PASADENA, CA – May 30, 2018
Dr. Neil Singla, Chief Scientific Officer at Lotus Clinical Research spoke with Brian Gormley of the Wall Street Journal on the current analgesic research market as pharmaceutical companies strive to find alternatives to opiates.
Click the following link to read the article on the WSJ website, or scroll down for the full version (https://www.wsj.com/articles/the-heated-quest-for-opioid-alternatives-1527258997).
The Heated Quest for Opioid Alternatives: Drug makers are pursuing a number of new drugs that show less risk of abuse
The search for new pain treatments is a race against both the tide of opioid abuse and the aging of America.
By Brian Gormley, The Wall Street Journal
Rising abuse of prescription painkillers is intensifying a search for alternatives to addictive opioids. Overdoses of prescription opioids kill about 46 Americans a day, according to the Centers for Disease Control and Prevention. Despite that toll, opioids remain in widespread use because they are powerful painkillers, and many attempts to develop new therapies have failed. But drugmakers are exploring a growing number of potential alternatives and are conducting clinical trials of several painkillers designed to have little or no risk of abuse or addiction.
“Pain drugs are going to get better,” says Neil Singla, chief scientific officer at Lotus Clinical Research LLC, a company that conducts clinical trials and specializes in pain studies. “We’ve got enough darts out there that someone’s going to hit the bull’s-eye.”
The search for new treatments is a race not only against the tide of opioid abuse but also against the aging of America. With the population developing more back problems, joint diseases and other age-related illness, pain is ubiquitous. More than 25 million Americans suffer from daily pain, according to the National Institutes of Health. Clinicians also will need better options as more people survive cancer and other diseases and suffer the painful side effects of treatment, says Peter Staats, chief medical officer of National Spine & Pain Centers, a pain-management practice based in Rockville, Md. “We desperately need alternatives” for managing pain, Dr. Staats says.
Opioids, which activate specific receptors in the brain, spinal cord and elsewhere, can cause euphoria that leads to addiction. They can also cause problems like nausea, vomiting and breathing troubles. Drugmakers hope to sidestep these effects by targeting new molecules and avoiding opioid receptors. One new target is nerve growth factor. In fetuses and infants, this protein, as its name suggests, promotes nerve growth. But when the nervous system matures, NGF’s role is to process pain signals, says Ken Verburg, who heads Pfizer Inc.’s effort with partner Eli Lilly & Co. to develop a drug that binds to nerve growth factor to prevent it from activating pain-signaling neurons. That medicine, tanezumab, has shown promise in several conditions. For example, a study published in the journal PAIN found that in chronic low-back pain, tanezumab provided significantly greater improvement in pain and physical functioning compared with a placebo or naproxen, a type of pain reliever known as an NSAID, or nonsteroidal anti-inflammatory drug. Yet its development hasn’t been entirely smooth. U.S. regulators early this decade placed a partial hold on NGF trials after some patients developed a fast-moving form of the degenerative joint condition osteoarthritis. Pfizer saw 68 such cases across its 26 tanezumab clinical trials, according to Dr. Verburg. They occurred more frequently when patients took NSAIDs along with tanezumab than in patients receiving tanezumab only. Pfizer and Lilly resumed Phase 3 trials in 2015 with a strategy to minimize risks for this problem. It includes lowering the top dose in chronic low-back pain and osteoarthritis patients and not studying tanezumab with NSAIDs. Phase 3 studies are continuing in osteoarthritis, chronic low-back pain and cancer pain, and results in osteoarthritis are expected in the second half of this year, Dr. Verburg says.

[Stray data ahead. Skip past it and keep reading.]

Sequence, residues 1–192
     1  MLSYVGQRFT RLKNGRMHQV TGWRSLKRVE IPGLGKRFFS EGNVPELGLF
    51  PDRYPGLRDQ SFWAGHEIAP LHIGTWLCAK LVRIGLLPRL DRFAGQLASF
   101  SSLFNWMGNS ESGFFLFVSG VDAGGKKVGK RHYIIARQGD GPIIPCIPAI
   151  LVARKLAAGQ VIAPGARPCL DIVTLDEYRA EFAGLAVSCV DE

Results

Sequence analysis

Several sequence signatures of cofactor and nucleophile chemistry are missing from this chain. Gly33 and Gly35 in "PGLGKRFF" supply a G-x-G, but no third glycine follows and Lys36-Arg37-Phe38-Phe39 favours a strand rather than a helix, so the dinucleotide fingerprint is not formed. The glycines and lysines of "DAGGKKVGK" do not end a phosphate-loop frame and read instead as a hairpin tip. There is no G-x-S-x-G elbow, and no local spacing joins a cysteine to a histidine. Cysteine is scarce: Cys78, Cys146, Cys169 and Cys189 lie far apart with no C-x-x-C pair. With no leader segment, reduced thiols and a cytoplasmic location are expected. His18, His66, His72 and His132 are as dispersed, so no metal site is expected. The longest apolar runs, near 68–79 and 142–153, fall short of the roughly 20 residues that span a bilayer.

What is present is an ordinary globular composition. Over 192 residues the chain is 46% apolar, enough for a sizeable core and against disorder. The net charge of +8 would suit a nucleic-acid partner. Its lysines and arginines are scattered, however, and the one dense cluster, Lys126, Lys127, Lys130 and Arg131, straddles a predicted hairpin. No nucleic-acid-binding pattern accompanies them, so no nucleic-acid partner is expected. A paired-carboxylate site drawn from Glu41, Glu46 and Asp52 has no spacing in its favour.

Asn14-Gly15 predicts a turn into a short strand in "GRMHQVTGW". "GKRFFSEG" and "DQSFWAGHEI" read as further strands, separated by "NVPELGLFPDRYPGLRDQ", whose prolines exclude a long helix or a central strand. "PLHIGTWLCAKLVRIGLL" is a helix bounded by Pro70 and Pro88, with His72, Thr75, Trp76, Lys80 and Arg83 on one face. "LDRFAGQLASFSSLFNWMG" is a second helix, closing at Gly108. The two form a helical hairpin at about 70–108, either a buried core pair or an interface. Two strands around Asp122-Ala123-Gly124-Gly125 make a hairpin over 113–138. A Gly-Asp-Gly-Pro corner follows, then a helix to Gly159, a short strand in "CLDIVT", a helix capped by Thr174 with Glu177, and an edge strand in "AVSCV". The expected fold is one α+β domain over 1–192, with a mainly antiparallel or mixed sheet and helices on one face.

Tanezumab is one of several agents that could offer a new way to manage osteoarthritis—in which cartilage degenerates and changes occur to the underlying bone—and so make it less likely that patients will need opioids for the pain. More than 30 million U.S. adults have this condition, which mostly affects the hips, hands and knees, according to the CDC. Existing pain relievers such as NSAIDs aren’t effective for everyone, and opioids have drawbacks, says David Daikh, president of the American College of Rheumatology, a medical society representing physicians and health professionals treating diseases of joints and muscles and autoimmune diseases.
“Any treatment we have has baggage,” Dr. Daikh says. “There’s a great need for better targets.”
One new option is Zilretta, which is injected into the knee and is designed to provide longer-lasting relief than generic corticosteroid shots used for short-term pain treatment. Zilretta, which received Food and Drug Administration approval in October, treats pain as a corticosteroid is gradually released from tiny globes known as microspheres. Zilretta developer Flexion Therapeutics Inc., based in Burlington, Mass., studied the drug in Phase 3 clinical trials comparing Zilretta to a placebo and an immediate-release corticosteroid. These trials, published in the Journal of Bone and Joint Surgery, found that the drug met its primary goal of providing significant pain relief compared with a placebo over 12 weeks. Side effects of corticosteroids that could occur with Zilretta treatment include infection in the injected knee, according to the company.